Only one year later the patient developed neurological symptoms, (a slow-down in mental and motility performance and a central defect of the VII cranial nerve) that led to a cranial CT examination and to the diagnosis of central nervous system lymphoma.
When the correct diagnosis of the ocular pathology was made, after extracting the cataractin the right eye few therapeutic options were available, because the patent had just undergone systemic chemo and radiotherapy, and refused eye enucleation.
Intrathecal therapy was not recommended because of the complete absence of relapse of the CNS disease. Eye radiotherapy could cause eye dryness, actinic retinopathy, optic neuropathy and resulting irreversible severe visual loss.
The response to IMTX was fast and an improvement of the visual acuity and a regression of the retinal lesions were observed within 8 weeks. We did not observe any ophthalmic side effects such as corneal epitheliopathy, maculopathy, vitreous hemorrhage, optic atrophy or sterile endophthalmitis.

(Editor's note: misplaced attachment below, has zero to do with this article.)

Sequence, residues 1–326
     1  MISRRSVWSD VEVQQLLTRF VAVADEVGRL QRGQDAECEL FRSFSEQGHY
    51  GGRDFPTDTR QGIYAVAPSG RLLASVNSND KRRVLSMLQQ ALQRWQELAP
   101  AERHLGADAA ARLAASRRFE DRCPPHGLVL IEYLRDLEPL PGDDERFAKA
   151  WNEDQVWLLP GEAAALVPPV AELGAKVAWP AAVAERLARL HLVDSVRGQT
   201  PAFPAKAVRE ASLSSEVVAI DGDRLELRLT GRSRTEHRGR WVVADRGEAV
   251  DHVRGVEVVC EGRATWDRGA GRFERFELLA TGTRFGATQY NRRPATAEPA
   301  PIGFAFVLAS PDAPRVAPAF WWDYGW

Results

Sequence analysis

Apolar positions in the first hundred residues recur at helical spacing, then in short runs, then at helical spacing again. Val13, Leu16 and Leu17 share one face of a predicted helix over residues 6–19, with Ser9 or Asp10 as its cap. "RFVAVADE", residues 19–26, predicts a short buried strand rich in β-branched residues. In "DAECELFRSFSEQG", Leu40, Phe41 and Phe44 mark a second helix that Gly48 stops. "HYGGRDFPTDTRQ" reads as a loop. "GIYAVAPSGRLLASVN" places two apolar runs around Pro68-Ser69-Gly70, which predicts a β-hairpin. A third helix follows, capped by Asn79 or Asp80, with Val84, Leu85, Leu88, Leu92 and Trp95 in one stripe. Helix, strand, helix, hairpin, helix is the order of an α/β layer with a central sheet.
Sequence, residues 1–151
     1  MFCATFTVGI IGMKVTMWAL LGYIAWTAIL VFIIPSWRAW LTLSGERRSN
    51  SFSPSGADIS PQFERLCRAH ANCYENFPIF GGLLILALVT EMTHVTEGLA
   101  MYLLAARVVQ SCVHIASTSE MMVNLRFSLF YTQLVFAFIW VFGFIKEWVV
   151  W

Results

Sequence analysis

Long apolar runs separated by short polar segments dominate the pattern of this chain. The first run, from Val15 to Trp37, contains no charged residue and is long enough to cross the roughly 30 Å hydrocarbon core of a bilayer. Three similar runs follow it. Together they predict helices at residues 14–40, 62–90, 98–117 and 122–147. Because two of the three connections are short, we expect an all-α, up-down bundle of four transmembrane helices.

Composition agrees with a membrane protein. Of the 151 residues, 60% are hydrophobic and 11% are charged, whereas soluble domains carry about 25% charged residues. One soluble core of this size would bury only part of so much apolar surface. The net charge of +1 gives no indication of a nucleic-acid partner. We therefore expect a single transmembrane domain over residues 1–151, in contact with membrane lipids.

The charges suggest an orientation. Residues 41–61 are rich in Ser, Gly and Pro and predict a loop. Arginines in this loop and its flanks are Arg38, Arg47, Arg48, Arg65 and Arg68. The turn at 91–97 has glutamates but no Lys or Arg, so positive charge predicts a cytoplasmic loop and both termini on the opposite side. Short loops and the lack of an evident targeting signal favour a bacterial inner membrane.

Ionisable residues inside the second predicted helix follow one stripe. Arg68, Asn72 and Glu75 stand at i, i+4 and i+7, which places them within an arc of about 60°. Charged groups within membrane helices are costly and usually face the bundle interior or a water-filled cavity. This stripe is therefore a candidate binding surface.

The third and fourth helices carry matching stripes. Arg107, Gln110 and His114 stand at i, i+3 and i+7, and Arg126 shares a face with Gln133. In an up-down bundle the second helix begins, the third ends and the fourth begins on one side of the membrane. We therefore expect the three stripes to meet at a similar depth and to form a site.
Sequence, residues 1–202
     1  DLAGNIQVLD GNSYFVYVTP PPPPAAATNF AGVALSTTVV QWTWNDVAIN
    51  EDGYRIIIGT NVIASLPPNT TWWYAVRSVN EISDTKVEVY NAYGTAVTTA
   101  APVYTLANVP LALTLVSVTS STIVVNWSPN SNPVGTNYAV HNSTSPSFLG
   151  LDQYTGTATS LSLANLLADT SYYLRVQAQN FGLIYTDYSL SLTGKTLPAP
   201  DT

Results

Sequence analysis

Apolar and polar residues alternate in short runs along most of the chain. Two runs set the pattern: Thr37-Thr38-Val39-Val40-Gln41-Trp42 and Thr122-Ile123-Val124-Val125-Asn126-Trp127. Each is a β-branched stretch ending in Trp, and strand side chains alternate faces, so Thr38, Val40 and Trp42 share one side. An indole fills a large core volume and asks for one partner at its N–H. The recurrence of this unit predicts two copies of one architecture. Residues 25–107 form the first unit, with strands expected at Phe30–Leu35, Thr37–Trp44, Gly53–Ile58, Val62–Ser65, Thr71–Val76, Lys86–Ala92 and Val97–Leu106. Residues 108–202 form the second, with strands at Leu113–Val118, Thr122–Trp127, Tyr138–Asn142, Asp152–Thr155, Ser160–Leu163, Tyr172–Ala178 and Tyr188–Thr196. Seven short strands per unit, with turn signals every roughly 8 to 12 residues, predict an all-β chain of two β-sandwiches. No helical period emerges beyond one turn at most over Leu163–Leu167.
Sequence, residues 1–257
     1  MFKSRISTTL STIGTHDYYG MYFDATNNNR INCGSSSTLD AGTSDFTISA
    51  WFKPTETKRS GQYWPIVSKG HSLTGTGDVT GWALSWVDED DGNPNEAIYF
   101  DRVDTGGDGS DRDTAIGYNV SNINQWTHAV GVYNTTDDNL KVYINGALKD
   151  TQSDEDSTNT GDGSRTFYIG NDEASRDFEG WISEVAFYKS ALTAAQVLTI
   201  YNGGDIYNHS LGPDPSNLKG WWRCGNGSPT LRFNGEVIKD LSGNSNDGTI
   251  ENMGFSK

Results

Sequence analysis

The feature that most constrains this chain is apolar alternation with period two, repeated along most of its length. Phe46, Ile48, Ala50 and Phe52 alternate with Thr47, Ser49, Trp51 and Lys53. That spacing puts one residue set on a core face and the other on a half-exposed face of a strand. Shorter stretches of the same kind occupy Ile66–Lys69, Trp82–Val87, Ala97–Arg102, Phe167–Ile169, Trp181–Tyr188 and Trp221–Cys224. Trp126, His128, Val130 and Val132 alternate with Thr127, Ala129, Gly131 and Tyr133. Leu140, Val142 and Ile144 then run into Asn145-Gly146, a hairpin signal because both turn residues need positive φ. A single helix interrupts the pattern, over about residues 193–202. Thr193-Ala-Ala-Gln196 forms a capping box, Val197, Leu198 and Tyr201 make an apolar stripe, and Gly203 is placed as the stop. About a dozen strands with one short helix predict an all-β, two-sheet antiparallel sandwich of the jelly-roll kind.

Despite the good results of the systemic chemotherapy, radiotherapy and intravitreal therapy in the right eye, and the negative results of all the precedent restaging examinations, after three months the patient developed a new, fatal PCNSL localization. This case confirms the very poor prognosis of these malignancies, especially in cases of relapse.
Written informed consent was obtained from the patient's son for the publication of this case report and accompanying images. A copy of the written consent is available for review by the Editor-in Chief of this journal.
Primary Central Nervous Lymphoma
Primary Intra Ocular Lymphoma
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The authors declare that they have no competing interests.
SG performed cataract surgery and intravitreal therapy, analyzed the patient ophthalmological data and was a major contributor in writing the manuscript. LC performed the photographic documentation of the retinal lesions. DS analyzed and interpreted the patient data regarding the haematological disease. All authors read and approved the final manuscript.
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Silvana, G., Ciraci, L. & Santorsola, D. Primary central nervous system lymphoma presenting as bilateral uveitis in an immunocompetent hepatitis C virus+ patient: a case report. Cases Journal 2, 152 (2009). https://doi.org/10.1186/1757-1626-2-152
- Primary Central Nervous System Lymphoma
- Triamcinolone Acetonide
- Central Nervous System Relapse
- Retinal Lesion